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Nicaea or Nicea  was an ancient Greek city in northwestern Anatolia and is primarily known as the site of the First and Second Councils of Nicaea (the first and seventh Ecumenical councils in the early history of the Christian Church), the Nicene Creed (which comes from the First Council), and as the capital city of the Empire of Nicaea following the Fourth Crusade in 1204, until the recapture of Constantinople by the Byzantines in 1261.

The ancient city is located within the modern Turkish city of İznik (whose modern name derives from Nicaea's), and is situated in a fertile basin at the eastern end of Lake Ascanius,

bounded by ranges of hills to the north and south. It is situated with

its west wall rising from the lake itself, providing both protection

from siege from that direction, as well as a source of supplies which

would be difficult to cut off. The lake is large enough that it could

not be blockaded from the land easily, and the city was large enough to

make any attempt to reach the harbour from shore-based siege weapons

very difficult.

The ancient city is surrounded on all sides by 5 kilometres

(3 mi) of walls about 10 metres (33 ft) high. These are in turn

surrounded by a double ditch on the land portions, and also included

over 100 towers in various locations. Large gates on the three landbound

sides of the walls provided the only entrance to the city.

Today the walls have been pierced in many places for roads, but

much of the early work survives and, as a result, it is a major tourist


The place is said to have been colonized by Bottiaeans, and to have originally borne the name of Ancore (Ἀγκόρη) or Helicore (Ἑλικόρη), or by soldiers of Alexander the Great's army who hailed from Nicaea in Locris, near Thermopylae. The later version however was not widespread even in Antiquity. Whatever the truth, the first Greek colony on the site was probably destroyed by the Mysians, and it fell to Antigonus I Monophthalmus, one of Alexander's successors (Diadochi) to refound the city ca. 315 BC as Antigoneia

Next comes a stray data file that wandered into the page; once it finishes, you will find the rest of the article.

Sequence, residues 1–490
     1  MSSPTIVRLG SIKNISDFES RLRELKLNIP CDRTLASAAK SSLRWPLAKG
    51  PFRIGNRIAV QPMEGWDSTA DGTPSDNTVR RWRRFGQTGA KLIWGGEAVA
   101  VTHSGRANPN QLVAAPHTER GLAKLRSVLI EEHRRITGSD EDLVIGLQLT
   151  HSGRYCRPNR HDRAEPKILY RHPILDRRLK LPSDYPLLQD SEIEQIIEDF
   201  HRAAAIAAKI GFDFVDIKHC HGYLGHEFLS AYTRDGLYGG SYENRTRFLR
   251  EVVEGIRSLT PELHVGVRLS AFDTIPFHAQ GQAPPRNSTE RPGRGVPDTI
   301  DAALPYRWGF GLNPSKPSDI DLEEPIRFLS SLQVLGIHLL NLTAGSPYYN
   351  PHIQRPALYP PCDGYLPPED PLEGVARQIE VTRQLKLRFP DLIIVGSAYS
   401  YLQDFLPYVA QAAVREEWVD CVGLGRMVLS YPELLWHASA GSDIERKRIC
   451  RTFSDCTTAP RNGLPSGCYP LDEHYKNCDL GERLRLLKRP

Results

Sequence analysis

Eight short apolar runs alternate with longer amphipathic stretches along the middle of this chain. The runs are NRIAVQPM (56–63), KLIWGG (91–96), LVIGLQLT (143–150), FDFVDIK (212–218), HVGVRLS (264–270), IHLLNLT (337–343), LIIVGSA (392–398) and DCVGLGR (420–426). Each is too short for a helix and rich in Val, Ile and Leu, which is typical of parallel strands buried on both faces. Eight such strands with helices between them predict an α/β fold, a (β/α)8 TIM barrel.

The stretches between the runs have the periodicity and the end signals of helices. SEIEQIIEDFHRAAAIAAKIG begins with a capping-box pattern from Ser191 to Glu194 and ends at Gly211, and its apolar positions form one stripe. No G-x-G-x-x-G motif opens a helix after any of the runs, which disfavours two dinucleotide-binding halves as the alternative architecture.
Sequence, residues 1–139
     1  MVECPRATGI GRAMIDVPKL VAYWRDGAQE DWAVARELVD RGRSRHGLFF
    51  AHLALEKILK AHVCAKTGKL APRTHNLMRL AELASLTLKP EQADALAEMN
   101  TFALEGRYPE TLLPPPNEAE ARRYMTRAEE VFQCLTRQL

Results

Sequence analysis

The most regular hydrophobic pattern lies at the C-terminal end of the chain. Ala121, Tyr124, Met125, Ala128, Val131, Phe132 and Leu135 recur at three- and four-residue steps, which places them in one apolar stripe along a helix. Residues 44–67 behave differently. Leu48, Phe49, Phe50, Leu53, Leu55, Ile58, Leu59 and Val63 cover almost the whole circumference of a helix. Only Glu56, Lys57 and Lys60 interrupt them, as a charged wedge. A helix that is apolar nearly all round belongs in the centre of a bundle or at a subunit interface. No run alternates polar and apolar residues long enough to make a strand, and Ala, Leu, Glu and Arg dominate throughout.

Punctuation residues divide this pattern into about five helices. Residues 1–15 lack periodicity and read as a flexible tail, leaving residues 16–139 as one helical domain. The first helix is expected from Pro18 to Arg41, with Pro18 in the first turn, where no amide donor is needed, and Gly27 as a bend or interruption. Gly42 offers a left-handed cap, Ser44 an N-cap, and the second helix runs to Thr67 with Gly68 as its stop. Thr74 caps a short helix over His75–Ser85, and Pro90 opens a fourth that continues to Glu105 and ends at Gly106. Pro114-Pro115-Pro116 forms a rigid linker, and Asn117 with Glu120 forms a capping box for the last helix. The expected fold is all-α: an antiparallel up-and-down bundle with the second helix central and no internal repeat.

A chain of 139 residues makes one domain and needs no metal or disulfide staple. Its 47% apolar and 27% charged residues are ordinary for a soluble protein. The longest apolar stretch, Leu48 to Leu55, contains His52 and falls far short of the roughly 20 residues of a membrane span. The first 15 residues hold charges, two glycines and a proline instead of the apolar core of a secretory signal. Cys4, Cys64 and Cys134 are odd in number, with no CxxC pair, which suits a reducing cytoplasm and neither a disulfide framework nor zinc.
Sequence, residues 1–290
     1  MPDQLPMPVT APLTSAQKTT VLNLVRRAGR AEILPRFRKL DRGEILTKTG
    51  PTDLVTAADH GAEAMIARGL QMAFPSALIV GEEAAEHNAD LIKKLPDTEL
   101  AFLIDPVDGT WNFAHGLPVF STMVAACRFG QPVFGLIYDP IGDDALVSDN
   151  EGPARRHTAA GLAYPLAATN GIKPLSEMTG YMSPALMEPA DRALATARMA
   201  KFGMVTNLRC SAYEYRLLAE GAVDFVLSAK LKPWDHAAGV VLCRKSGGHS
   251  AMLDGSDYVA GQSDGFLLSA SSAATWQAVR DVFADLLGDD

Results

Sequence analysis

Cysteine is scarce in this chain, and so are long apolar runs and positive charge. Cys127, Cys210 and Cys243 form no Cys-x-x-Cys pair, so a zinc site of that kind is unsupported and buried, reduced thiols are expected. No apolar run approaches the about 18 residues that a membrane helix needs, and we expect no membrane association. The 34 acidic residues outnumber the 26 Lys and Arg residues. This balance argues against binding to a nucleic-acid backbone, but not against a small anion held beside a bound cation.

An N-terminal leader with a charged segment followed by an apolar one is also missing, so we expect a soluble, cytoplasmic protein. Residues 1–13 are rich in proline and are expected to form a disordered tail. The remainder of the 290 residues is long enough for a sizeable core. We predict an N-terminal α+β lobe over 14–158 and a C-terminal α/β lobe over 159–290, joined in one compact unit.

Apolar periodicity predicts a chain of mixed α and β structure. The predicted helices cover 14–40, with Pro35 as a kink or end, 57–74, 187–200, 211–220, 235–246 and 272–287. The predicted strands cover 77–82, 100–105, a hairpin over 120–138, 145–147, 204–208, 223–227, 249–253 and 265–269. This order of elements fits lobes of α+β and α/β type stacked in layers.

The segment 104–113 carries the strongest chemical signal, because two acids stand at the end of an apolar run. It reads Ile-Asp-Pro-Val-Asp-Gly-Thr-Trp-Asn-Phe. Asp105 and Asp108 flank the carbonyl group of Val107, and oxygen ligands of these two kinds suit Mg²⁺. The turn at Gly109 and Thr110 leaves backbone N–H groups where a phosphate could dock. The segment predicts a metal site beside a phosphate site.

(Ἀντιγονεία) after himself. Antigonus is also known to have established

Bottiaean soldiers in the vicinity, lending credence to the tradition

about the city's founding by Bottiaeans. Following Antigonus' defeat and

death at the Battle of Ipsus in 301 BC, the city was captured by Lysimachus, who renamed it Nicaea (Νίκαια, also transliterated as Nikaia or Nicæa; see also List of traditional Greek place names), in tribute to his wife Nicaea, who had recently died.

Sometime before 280 BC, the city came under the control of the local dynasty of the kings of Bithynia. This marks the beginning of its rise to prominence as a seat of the royal court, as well as of its rivalry with Nicomedia. The two cities' dispute over which one was the pre-eminent city (signified by the appellation metropolis) of Bithynia continued for centuries, and the 38th oration of Dio Chrysostom was expressly composed to settle the dispute. Plutarch, mentioned that Menecrates (Μενεκράτης) wrote about the history of the city.

Along with the rest of Bithynia, Nicaea came under the rule of the Roman Republic in 72 BC. The city remained one of the most important urban centres of Asia Minor

throughout the Roman period, and continued its old competition with

Nicomedia over pre-eminence and the location of the seat of the Roman governor of Bithynia et Pontus. The geographer Strabo (XII.565 ff.) described the city as built in the typical Hellenistic fashion with great regularity, in the form of a square, measuring 16 stadia

in circumference, i.e. approx. 700 m × 700 m (2,297 ft × 2,297 ft) or

0.7 km × 0.7 km (0.43 mi × 0.43 mi) covering an area of some 50 ha (124

acres) or 0.5 km2 (0.2 sq mi); it had four gates, and all its streets intersected one another at right angles in accordance with the Hippodamian plan, so that from a monument in the centre all the four gates could be seen. This monument stood in the gymnasium, which was destroyed by fire but was restored with increased magnificence by Pliny the Younger,

when he was governor there in the early 2nd century AD. In his writings

Pliny makes frequent mention of Nicaea and its public buildings.

Emperor Hadrian

visited the city in 123 AD after it had been severely damaged by an

earthquake and began to rebuild it. The new city was enclosed by a

polygonal wall of some 5 kilometres in length. Reconstruction was not

completed until the 3rd century, and the new set of walls failed to save

Nicaea from being sacked by the Goths in 258 AD. The numerous coins of Nicaea which still exist attest the interest taken in the city by the Roman emperors,

as well as its attachment to the rulers; many of them commemorate great

festivals celebrated there in honour of gods and emperors, as Olympia, Isthmia, Dionysia, Pythia, Commodia, Severia, Philadelphia, etc.